Django: Limiting User Access to Views

In this post, we would like to see how we can limit user accesses to our Django views.

Login Required & Permission Required Decorators

If you have worked with Django, you probably have used the login_required decorator already. Adding the decorator to a view limits access only to the logged in users. If the user is not logged in, s/he is redirected to the default login page. Or we can pass a custom login url to the decorator for that purpose.

Let’s see an example:

There’s another nice decorator – permission_required which works in a similar fashion:

Awesome but let’s learn how do they work internally.

How do they work?

We saw the magic of the login_required and permission_required decorators. But we’re the men of science and we don’t like to believe in magic. So let’s unravel the mystery of these useful decorators.

Here’s the code for the login_required decorator:

By reading the code, we can see that the login_required decorator uses another decorator – user_passes_test which takes/uses a callable to determine whether the user should have access to this view. The callable must accept an user instance and return a boolean value. user_passes_test returns a decorator which is applied to our view.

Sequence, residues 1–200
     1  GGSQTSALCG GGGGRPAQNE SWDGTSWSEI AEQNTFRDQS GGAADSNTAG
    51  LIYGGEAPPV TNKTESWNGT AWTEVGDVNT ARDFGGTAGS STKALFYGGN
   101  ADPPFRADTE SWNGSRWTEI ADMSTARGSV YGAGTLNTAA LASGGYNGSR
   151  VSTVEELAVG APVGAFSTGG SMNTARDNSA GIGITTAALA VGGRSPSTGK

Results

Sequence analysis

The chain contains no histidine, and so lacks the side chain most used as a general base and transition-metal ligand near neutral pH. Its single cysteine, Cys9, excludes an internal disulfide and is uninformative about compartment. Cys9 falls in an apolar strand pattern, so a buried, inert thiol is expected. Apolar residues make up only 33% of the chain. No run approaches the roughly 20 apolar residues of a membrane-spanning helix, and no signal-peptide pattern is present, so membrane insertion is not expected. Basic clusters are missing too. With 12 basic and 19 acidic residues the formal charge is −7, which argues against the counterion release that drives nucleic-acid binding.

If we see the source of permission_required, we would see something quite similar. It also uses the same user_passes_test decorator.

Building Our Own Decorators

Now that we know how to limit access to a view based on whether the logged in user passes a test, it’s quite simple for us to build our own decorators for various purposes. Let’s say we want to allow access only to those users who have verified their emails.

Now we can use the decorator to a view like:

Users who have verified their email addresses will be able to access this view. And if they didn’t, they will be redirected to the login view. Using the reason query string, we can display a nice message explaining what’s happening.

Please note, we have used two decorators on the same view. We can use multiple decorators like this to make sure the user passes all the tests we require them to.


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